Mike Griffith Knoxville News Sentinel
Tommy Hicks Mobile News-Register
Steve Irvine The Birmingham News
J.J. Joe Baylor Radio Network
Blair Kerkhoff Kansas City Star
Mike Kern The Philadelphia Daily News
Nate Kreckman 102.3 FM (Denver)
Tom Luicci The (Newark) Star-Ledger
Cindy Luis The Honolulu Star-Advertiser
Loren Matthews Former NBC Sports executive
Pete Medhurst Navy Radio Network
Tim Mills Former Big 12 supervisor of officials
Denny O’Brien Bonesville.net (East Carolina)
David Paschall Chattanooga Times Free Press
Allen Pinkett Notre Dame radio broadcasts
Mike Prater The Idaho Statesman
Earle Robinson 870 AM (East Lansing, Mich.)
Kenny Road 850 AM (Cleveland)
Gary Sanders Former U.A.B. radio announcer
George Schroeder The (Eugene, Ore.) Register-Guard
Corky Simpson Formerly of The Tucson Citizen
Patrick Stevens The Washington Times
Ron Thulin Versus, Fox Sports
Jay Walker 1420 AM (Lafayette, La.)
John Walters Iowa State radio broadcasts
Stan Weber Kansas State Radio Network
Rick Wright The Albuquerque Journal

There are several new additions to this year’s Harris Poll, replacing former players and coaches like John Bunting, Charlie McBride, Jim Mandich and others. The new guys: Bowden, Braine, Carr, Cavender, Champlin, Ebling, Green, Griffith, Horning, Jones, Kassing, Kennedy, Kreckman, Myers, Walker, Walters, Weber, Woodruff and Wright.

Some notes about a few names on the list: Blaine Bishop doubles as a radio host in Nashville; Pete Cavender played offensive guard for Boise State in the 2000s; Akbar Gbaja-Biamila played at San Diego State in the 2000s; after ending his playing career, David Horning served as an associate A.D. in the N.C. State athletic department; J.J. Joe played at Baylor in the 1990s; Allen Pinkett played at Notre Dame in the 1980s; and Stan Weber played at Kansas State in the 1980s.

So that’s your 2011 Harris Poll. Former players, former coaches, former athletic directors, former sports information directors, members of the media — hand in hand, together, constituting one-third of the B.C.S. standings.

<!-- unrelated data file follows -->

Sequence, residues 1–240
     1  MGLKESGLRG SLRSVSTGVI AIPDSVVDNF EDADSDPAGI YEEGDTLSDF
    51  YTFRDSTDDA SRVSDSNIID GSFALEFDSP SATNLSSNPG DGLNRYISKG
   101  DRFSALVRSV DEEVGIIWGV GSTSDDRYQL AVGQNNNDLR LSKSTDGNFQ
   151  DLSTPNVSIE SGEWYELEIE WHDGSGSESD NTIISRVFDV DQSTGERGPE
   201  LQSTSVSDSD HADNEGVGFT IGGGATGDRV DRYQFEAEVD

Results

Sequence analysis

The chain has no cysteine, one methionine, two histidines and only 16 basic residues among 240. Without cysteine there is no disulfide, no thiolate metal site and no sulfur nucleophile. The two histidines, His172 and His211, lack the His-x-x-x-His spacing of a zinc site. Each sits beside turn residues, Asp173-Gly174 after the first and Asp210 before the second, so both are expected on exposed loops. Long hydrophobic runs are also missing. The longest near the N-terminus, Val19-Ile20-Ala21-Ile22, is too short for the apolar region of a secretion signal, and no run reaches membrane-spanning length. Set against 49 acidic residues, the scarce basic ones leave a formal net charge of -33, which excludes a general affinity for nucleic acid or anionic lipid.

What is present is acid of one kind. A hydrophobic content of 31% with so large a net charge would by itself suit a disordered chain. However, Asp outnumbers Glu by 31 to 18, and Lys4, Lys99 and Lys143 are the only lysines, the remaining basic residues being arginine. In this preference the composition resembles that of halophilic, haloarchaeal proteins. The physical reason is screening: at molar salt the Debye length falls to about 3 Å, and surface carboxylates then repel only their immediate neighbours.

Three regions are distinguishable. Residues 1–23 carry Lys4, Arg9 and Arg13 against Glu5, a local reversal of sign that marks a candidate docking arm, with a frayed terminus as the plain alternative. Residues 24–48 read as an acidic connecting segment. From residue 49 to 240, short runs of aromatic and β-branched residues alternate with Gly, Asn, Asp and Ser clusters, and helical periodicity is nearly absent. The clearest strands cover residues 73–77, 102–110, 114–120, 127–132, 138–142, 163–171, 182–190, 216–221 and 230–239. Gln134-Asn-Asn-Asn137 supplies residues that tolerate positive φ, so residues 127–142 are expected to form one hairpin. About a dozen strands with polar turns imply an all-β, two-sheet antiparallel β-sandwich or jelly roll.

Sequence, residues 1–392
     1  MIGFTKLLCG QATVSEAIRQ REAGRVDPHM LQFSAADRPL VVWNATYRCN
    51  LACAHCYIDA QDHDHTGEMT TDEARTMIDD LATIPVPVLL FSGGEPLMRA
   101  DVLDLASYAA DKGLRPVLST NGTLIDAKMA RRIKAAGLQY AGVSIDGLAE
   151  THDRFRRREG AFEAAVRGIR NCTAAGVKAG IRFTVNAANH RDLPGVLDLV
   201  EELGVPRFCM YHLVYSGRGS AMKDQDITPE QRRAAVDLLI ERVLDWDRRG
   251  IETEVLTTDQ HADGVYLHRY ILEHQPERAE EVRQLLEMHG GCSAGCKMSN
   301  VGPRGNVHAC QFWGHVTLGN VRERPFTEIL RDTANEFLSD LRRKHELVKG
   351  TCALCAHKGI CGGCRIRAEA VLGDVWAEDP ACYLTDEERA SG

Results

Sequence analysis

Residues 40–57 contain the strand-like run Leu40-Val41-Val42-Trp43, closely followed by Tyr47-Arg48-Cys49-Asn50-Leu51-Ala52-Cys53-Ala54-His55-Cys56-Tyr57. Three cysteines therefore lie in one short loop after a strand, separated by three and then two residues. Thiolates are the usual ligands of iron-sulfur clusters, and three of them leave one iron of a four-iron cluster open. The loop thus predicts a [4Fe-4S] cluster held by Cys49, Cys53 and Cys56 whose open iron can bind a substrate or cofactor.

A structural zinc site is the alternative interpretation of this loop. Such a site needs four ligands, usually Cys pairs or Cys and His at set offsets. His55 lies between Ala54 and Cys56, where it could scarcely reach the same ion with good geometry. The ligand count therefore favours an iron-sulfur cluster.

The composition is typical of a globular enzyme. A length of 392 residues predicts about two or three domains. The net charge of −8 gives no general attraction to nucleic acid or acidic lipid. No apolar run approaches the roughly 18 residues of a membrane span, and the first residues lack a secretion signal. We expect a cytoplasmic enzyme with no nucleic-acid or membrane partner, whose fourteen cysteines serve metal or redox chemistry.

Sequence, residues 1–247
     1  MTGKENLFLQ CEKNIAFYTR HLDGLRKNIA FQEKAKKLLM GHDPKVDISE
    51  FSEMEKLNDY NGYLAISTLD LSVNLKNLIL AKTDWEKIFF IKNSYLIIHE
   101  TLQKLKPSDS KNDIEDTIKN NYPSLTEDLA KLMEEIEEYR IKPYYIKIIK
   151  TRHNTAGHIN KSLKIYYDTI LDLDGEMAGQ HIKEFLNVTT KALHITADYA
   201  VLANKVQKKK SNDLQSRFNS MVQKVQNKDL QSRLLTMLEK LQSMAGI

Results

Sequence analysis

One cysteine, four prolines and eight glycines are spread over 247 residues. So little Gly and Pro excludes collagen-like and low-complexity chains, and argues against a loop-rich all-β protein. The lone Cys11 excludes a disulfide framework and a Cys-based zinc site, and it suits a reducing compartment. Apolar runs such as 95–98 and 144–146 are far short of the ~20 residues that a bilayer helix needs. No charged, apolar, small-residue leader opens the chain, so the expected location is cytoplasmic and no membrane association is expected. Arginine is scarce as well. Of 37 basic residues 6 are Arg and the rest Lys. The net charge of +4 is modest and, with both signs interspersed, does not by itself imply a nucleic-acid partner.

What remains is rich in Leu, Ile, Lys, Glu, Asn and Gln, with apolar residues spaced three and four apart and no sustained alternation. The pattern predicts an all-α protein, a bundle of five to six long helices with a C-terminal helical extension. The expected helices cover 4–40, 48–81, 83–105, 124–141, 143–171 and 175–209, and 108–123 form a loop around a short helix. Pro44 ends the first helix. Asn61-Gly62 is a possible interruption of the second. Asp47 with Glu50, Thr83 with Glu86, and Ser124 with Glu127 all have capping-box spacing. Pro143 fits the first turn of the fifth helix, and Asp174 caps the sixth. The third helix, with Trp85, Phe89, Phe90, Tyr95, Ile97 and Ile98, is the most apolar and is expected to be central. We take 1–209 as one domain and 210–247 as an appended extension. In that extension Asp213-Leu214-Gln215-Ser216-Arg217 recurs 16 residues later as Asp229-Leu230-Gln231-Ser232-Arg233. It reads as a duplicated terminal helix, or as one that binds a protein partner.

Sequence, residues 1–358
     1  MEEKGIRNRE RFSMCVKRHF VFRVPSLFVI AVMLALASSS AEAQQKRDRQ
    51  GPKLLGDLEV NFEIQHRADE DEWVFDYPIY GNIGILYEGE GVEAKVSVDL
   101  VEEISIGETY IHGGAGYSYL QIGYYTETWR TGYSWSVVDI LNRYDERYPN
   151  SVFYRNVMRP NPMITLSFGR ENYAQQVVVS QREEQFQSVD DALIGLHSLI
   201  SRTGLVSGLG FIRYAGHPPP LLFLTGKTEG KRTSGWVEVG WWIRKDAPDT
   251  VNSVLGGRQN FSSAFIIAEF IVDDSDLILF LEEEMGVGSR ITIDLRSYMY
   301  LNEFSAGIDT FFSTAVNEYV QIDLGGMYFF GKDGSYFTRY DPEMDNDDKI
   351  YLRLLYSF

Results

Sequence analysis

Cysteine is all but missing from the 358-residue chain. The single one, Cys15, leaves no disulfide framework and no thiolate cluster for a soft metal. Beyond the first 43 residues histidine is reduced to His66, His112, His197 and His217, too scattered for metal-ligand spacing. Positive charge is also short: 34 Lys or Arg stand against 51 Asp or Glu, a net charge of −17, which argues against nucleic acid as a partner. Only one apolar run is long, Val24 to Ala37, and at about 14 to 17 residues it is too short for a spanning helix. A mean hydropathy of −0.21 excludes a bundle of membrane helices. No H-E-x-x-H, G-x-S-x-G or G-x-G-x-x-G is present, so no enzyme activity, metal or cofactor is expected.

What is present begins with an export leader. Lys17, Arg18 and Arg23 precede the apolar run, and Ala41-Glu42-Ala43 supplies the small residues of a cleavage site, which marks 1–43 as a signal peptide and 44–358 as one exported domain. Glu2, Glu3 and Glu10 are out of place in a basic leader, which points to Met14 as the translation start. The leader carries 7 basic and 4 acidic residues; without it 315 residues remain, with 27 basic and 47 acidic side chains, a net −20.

Some advice: watch the games. Please. Watch the games — as many as possible — and don’t follow the herd. And don’t vote by allegiance; Lloyd Carr, as a random example, may want to vote for Michigan, but don’t vote with your heart. Use your head. And watch the games. Please.

You can also follow Paul Myerberg and Pre-Snap Read on Twitter.

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Comments

  1. Eksynyt says:

    Same thing needs to be said for the coaches. Teams like Oregon always get ranked lower because we aren’t a “traditional” team and the coaches have some lackey fill out the ballot.

  2. Paul says:

    It was nice to see some of those names again — people who brought pleasure to our past….

  3. Burnt Orange says:

    Jackie Sherrill, Gil Brandt, and Fran Curci – very principled trio. Plus Gerald Myers ? Former Texas Tech basketball coach Gerald Myers ? Sure he was the AD but Gerald Myers ? If you want the most conservative basketball coach on the planet he is your guy but the thought of him voting on college football rankings is insane. I mean really how much more can we be expected to take?

  4. Bernie says:

    It’s nice to see Chuck Ealey’s name on this list. He went 35-0 vs. Division 1 teams from 1969-1971 at QB for the Toledo Rockets, won 3 bowl games, and finished top 20 all three years. Not to mention he was 18-0 in highschool. However, he is still not in the College Football Hall of Fame.

  5. BobJ says:

    Player Steve Preece was the QB on Oregon State’s “Giant Killer” team in 1967, when the Beavers beat Purdue (ranked #2 with Leroy Keyes), UCLA (#2 with Gary Beban), and USC(#1 with OJ Simpson). The USC game ended 3-0. That was Simpson’s first year with the Trojans, and while he did break off one big run, the Beavers stopped him cold the rest of the day. That game was arguably the greatest win in OS football history.

    The Beavers finished 7-2-1, ranked #7, but because of the bowl setup back then, didn’t play in one.